Jenny Doman and her family stood beside a highway exit ramp watching helplessly as bright orange flames engulfed their brand-new RV.
The fire quickly transformed their dreams of a carefree life in their new home-away-from-home to a nightmare.
The Oregon family had purchased the 40-foot-long Heartland Road Warrior, a fifth-wheel trailer and “toy hauler” made by a subsidiary of Indiana-based Thor Industries, just one day earlier. The price tag was more than $100,000.
Excited to enjoy the new luxury RV, they hit the road for a trip to visit family in Utah, their RV in tow.
But they only made it to Montana before the fire broke out near the rolling trailer’s electrical panel.
Pulling to the side of the road, Doman called 911 as she rushed to get her newborn out of the backseat of the family’s pickup truck. Her 16-year-old son grabbed the crate carrying their two puppies. Her husband scrambled to disconnect the RV’s propane tank to avoid an explosion.
Somewhere in the chaos, a good Samaritan came to help. The fire spread within minutes.
Instead of spending the night in their new RV, Doman and her family found themselves standing near a rural Montana highway, in the middle of a snowy winter night, with nothing but the clothes on their backs and a diaper bag.
Nearby, a thick cloud of smoke wafted into the sky as firefighters hosed down the last embers.
“There goes our fifth wheel, toy hauler, everything in it. Oh my gosh,” Doman said in a video she later posted on YouTube. “I think I’m gonna throw up.”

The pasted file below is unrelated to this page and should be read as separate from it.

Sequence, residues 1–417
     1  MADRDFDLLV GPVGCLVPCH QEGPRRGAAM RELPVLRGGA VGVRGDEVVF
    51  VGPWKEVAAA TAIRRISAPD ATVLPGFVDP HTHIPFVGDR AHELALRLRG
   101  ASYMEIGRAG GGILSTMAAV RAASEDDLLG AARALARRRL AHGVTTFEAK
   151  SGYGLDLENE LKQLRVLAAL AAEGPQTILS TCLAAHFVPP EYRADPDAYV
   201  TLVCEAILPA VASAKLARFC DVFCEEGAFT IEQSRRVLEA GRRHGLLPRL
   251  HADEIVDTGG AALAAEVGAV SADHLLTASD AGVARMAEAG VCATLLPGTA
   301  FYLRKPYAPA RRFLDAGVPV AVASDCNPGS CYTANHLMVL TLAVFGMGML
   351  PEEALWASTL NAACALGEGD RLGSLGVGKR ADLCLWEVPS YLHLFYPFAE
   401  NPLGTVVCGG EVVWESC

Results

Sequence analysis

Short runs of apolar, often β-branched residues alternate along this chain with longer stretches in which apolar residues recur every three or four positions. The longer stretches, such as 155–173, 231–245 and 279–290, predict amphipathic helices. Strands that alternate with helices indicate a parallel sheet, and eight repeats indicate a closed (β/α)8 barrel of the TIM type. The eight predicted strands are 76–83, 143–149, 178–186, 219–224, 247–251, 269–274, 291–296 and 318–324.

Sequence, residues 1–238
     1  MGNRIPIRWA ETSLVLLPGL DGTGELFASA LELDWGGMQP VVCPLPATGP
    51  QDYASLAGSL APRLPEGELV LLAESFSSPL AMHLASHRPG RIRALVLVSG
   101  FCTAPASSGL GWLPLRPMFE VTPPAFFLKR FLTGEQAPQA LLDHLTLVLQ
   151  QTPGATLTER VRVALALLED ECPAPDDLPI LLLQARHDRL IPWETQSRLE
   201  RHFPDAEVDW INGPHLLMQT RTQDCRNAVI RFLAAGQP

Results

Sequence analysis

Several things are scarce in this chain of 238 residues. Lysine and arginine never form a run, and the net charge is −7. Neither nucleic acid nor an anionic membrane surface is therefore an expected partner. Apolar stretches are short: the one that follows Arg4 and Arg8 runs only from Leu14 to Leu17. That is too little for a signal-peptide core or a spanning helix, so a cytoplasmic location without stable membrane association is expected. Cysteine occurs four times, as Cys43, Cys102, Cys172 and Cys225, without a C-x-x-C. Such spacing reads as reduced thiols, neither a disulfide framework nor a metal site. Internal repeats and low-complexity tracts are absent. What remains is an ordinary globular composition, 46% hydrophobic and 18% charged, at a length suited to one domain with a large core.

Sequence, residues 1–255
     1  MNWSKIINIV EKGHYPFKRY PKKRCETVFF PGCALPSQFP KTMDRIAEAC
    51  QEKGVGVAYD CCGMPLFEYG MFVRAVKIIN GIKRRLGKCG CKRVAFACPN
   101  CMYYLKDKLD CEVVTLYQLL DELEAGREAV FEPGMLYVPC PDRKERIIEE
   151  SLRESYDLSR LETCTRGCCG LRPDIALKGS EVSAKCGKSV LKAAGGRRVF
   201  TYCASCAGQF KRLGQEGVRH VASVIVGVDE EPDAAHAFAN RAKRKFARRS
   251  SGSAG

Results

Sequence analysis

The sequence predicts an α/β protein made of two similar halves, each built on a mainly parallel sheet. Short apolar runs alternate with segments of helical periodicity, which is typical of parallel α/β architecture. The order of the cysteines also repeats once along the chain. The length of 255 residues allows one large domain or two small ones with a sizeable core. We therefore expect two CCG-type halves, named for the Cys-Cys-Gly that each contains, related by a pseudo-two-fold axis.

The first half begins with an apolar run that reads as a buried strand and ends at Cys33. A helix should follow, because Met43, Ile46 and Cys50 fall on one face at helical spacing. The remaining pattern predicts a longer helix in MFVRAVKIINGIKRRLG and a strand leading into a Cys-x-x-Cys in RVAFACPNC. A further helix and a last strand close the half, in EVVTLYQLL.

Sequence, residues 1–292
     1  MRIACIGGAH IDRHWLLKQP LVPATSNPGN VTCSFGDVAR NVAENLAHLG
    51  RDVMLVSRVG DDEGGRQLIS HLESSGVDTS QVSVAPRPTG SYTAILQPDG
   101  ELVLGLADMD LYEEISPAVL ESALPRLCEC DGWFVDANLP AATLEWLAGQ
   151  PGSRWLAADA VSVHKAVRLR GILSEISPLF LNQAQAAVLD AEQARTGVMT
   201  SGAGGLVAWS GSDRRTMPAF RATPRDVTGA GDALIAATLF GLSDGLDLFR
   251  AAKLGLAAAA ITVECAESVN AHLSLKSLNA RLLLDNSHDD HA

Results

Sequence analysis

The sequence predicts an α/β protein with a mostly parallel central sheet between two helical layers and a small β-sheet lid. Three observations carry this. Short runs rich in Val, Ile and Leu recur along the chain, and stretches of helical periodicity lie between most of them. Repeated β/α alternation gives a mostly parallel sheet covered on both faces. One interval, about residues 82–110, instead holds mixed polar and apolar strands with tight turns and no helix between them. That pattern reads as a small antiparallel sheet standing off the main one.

The desire to get away from home yet remain isolated introduced a new kind of lifestyle for many people during the pandemic. Recreational vehicles and trailers like Doman’s offered a vacation anywhere with all the comforts of home but not the crowds, costs or hassles of commercial travel.
The RV industry — one of the biggest manufacturing sectors in Indiana — was quick to capitalize on this new and unprecedented demand.
Last year, more RVs were built and sold than ever. Profits also soared to record highs.
But on factory floors, already harried workers — some with only limited training — were pressed to build more and faster to meet higher production quotas, several current and former RV employees told IndyStar.
The result is an expensive product that, in a growing number of cases, critics claim doesn’t live up to the worry-free, unencumbered lifestyle the industry promises. It’s a dream buyers often shell out six figures or more to enjoy.
Instead of traveling the country as they had planned, a growing number of RV owners are finding themselves stuck in hotel rooms, spending thousands of dollars they didn’t plan to spend.
Meanwhile, RVs cycle in and out of repair shops. Some sit for months waiting to be fixed or for parts held up by global supply-chain issues.
Some belong to families who sold their houses to commit to the RV lifestyle full time. Some are owned by retirees with grand plans for their golden years and money to burn. Others are first-time owners. Their horror stories show up in lawsuits and a jump in recall notices.
The RV industry disputes claims of quality issues.
Thor Industries, the largest RV maker in the country and owner of Heartland RV, which made Doman’s fifth wheel, said all of its companies have “robust quality standards,” from its vendors and raw materials to the final inspections before the products are delivered to the dealers.
“Within the Thor family of companies,” Thor said in a statement to IndyStar, “the customer experience is our ultimate measure of success.”
Heartland RV didn’t respond to a request for comment.